By Emily J. Weitz
In the summer months, it’s easy to see who your neighbors are. The person lounging next to you on the beach or the kid riding his bike down the block comprise your community. But as the thermometer drops, half the population flees and the rest of us take refuge in our respective homes. It’s now that community becomes a more vague concept.
Before the dawn of the internet, local television and radio (and newspapers) were the great connectors, the entities that could overcome snow and cold to report the news and keep communities tightly knit. These organizations have always been at the center of a wheel, with spokes that reach out into all areas of the population. Long Island Radio, which is the umbrella for WEHM, WBAZ, and Beach 101.7, serves a large percentage of the population on the East End, and they do so with a small-town sensibility that keeps the public domain alive on the airwaves.
“We’ve always seen ourselves as part of the community,” says Suzanne Wolfson, General Sales Manager for Long Island Radio.
That’s why they want to be at community events, like the upcoming tree lighting in Sag Harbor this Friday.
Long Island Radio was once an exclusively East End station, serving the area from Southampton to Montauk. But in 1997, when all three stations (WEHM, WBAZ, and Beach 101.7) merged together, their base expanded. Now they reach listeners from Montauk to Bay Shore, plus the North Fork and parts of southern Connecticut.
But even with that growth, the philosophy at the radio station has been to remember its local flavor, said Wolfson. This manifests itself in a variety of ways, from the local music played on the air to the local organizations the stations promote.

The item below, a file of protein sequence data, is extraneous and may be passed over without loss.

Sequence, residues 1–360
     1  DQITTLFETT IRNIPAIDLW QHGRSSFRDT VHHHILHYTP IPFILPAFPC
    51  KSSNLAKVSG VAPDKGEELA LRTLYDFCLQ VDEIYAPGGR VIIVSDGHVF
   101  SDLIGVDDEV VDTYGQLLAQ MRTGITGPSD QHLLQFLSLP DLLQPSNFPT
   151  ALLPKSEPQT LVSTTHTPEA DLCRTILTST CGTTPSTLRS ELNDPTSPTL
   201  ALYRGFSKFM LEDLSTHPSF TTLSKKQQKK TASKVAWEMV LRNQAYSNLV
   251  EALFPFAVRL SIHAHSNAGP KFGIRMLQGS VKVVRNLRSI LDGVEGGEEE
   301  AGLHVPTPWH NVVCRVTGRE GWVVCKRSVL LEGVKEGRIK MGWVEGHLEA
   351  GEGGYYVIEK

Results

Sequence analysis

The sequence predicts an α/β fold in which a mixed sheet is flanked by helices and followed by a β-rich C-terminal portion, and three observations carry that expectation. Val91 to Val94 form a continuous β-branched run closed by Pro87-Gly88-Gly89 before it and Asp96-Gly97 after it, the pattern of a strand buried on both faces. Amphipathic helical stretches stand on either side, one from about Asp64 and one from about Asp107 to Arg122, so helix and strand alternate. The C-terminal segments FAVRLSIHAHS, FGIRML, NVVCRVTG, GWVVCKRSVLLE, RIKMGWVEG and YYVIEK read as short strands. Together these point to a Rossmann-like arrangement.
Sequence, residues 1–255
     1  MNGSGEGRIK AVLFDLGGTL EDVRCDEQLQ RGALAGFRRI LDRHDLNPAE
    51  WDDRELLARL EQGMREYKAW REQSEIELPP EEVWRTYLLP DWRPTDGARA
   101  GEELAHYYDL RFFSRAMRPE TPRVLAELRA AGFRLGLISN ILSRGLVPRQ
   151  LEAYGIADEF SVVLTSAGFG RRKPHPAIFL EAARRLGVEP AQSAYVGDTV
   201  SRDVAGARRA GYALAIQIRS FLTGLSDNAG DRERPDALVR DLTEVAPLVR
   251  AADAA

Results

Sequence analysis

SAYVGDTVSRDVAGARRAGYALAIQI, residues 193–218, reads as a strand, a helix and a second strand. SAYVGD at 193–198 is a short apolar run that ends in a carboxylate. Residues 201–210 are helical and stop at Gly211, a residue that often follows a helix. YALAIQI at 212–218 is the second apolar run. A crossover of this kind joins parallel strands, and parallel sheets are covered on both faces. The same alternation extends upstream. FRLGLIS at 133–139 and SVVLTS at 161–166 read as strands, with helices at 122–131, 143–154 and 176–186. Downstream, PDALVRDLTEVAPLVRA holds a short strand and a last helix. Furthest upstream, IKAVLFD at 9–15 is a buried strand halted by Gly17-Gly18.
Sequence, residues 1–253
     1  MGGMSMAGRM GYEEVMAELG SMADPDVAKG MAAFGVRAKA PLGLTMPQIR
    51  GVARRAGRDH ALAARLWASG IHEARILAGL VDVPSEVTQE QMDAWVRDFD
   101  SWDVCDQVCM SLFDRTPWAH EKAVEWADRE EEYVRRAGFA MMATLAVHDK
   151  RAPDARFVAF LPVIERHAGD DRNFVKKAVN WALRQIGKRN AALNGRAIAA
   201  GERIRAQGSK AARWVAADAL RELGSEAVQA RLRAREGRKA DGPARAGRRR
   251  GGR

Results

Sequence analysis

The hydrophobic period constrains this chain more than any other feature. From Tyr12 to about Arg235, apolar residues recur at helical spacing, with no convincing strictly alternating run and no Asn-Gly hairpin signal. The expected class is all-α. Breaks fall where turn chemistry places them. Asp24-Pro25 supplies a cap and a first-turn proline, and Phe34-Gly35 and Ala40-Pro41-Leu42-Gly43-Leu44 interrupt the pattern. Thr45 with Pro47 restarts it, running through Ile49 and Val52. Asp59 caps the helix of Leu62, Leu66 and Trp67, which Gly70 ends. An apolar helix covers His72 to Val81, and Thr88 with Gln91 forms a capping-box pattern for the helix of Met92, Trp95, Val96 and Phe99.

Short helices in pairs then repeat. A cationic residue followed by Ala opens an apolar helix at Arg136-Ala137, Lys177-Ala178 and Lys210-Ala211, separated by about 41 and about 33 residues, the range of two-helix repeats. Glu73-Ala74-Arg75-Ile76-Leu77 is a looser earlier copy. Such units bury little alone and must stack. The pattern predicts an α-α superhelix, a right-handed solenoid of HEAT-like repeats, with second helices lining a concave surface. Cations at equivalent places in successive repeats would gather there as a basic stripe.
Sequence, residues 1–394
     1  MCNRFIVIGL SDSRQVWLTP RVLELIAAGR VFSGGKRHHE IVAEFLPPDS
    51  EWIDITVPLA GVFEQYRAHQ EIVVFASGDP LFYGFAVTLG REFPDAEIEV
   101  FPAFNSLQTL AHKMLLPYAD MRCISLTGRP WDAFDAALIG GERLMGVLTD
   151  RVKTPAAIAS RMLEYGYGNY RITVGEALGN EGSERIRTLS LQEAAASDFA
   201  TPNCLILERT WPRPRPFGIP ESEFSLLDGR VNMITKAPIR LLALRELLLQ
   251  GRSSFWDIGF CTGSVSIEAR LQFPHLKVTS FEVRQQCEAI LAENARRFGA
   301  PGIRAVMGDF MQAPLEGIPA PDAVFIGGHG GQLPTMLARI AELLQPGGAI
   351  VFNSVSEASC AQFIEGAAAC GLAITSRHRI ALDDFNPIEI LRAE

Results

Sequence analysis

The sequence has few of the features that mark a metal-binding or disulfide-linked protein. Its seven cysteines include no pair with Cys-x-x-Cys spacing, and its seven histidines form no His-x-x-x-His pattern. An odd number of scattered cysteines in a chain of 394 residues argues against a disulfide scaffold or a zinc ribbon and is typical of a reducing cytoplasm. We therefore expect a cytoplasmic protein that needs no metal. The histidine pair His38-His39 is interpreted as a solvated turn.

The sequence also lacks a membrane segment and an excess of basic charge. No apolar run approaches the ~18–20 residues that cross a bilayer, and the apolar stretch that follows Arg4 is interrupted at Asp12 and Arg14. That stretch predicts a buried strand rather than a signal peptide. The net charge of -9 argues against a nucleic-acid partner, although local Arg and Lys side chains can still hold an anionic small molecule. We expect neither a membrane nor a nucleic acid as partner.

Wolfson believes that as a local radio station, supporting the community is “our responsibility. There’s no question about it. And it’s fun. We are a small station based in Water Mill and it keeps us personally connected. We promote local artists by having them come in and promote their work… One of our key features on EHM is the EHM Local every Tuesday and Thursday evening at 7:20. There are many talented musicians in our area, and it’s a very competitive market out there.”
Of course, promoting local musicians is the most obvious way for a radio station to support the community. But in addition to that, Long Island Radio sponsors events that keep the public feeling a sense of cohesiveness even in the darkest winter months.
“We partner with Westhampton Beach Performing Arts Center to try to get special concerts for emerging artists during the winter,” says Wolfson. “Tickets are $20, and everybody comes because they don’t have a million other things to do.”
One of the most important ways that the radio station supports the community, though, is by giving a forum for non-profits and charity organizations to get some exposure.
“We get frequent notices from communities from Brookhaven to Montauk asking for help,” says Wolfson. “So we’ve created the community calendar which is limited to only non-profits.”
On all three radio stations throughout the day, hosts will announce events on the community calendar. The radio personalities are also encouraged to choose causes that matter to them for coverage. For example, “Last weekend Antony put together a feature for small business Saturdays to support our local businesses. And Harry covers a charity to support autism research every year.”
Long Island Radio is a communication hub, a home base for a community sprawled out. Not only can the radio alert listeners to what’s going on, Wolfson said, but they can also work to bring advertisers and sponsors together.
“We connect our clients and ask if they can be a drop off spot for Long Island Cares boxes,” she said. “We have collaborations to help organizations such as Toys for Tots, Coat Drives, and individual families or people in need.”
Supporting the community is a pattern among radio stations out here, and Wolfson is quick to point out that WLNG, another major local station, has also been very active. “They’ve been around for a long time,” she says, “And they’ve done a tremendous amount for the community.”
WEHM will be broadcasting live from Long Wharf this Friday, December 2, from 4 to 7 p.m.